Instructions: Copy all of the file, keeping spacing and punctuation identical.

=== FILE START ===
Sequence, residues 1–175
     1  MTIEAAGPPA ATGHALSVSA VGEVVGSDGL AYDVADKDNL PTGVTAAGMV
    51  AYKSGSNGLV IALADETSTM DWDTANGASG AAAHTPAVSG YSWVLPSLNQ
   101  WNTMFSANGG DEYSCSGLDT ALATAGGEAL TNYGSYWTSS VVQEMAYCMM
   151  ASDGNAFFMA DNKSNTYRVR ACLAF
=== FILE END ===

Sequence, residues 1–175
     1  MTIEAAGPPA ATGHALSVSA VGEVVGSDGL AYDVADKDNL PTGVTAAGMV
    51  AYKSGSNGLV IALADETSTM DWDTANGASG AAAHTPAVSG YSWVLPSLNQ
   101  WNTMFSANGG DEYSCSGLDT ALATAGGEAL TNYGSYWTSS VVQEMAYCMM
   151  ASDGNAFFMA DNKSNTYRVR ACLAF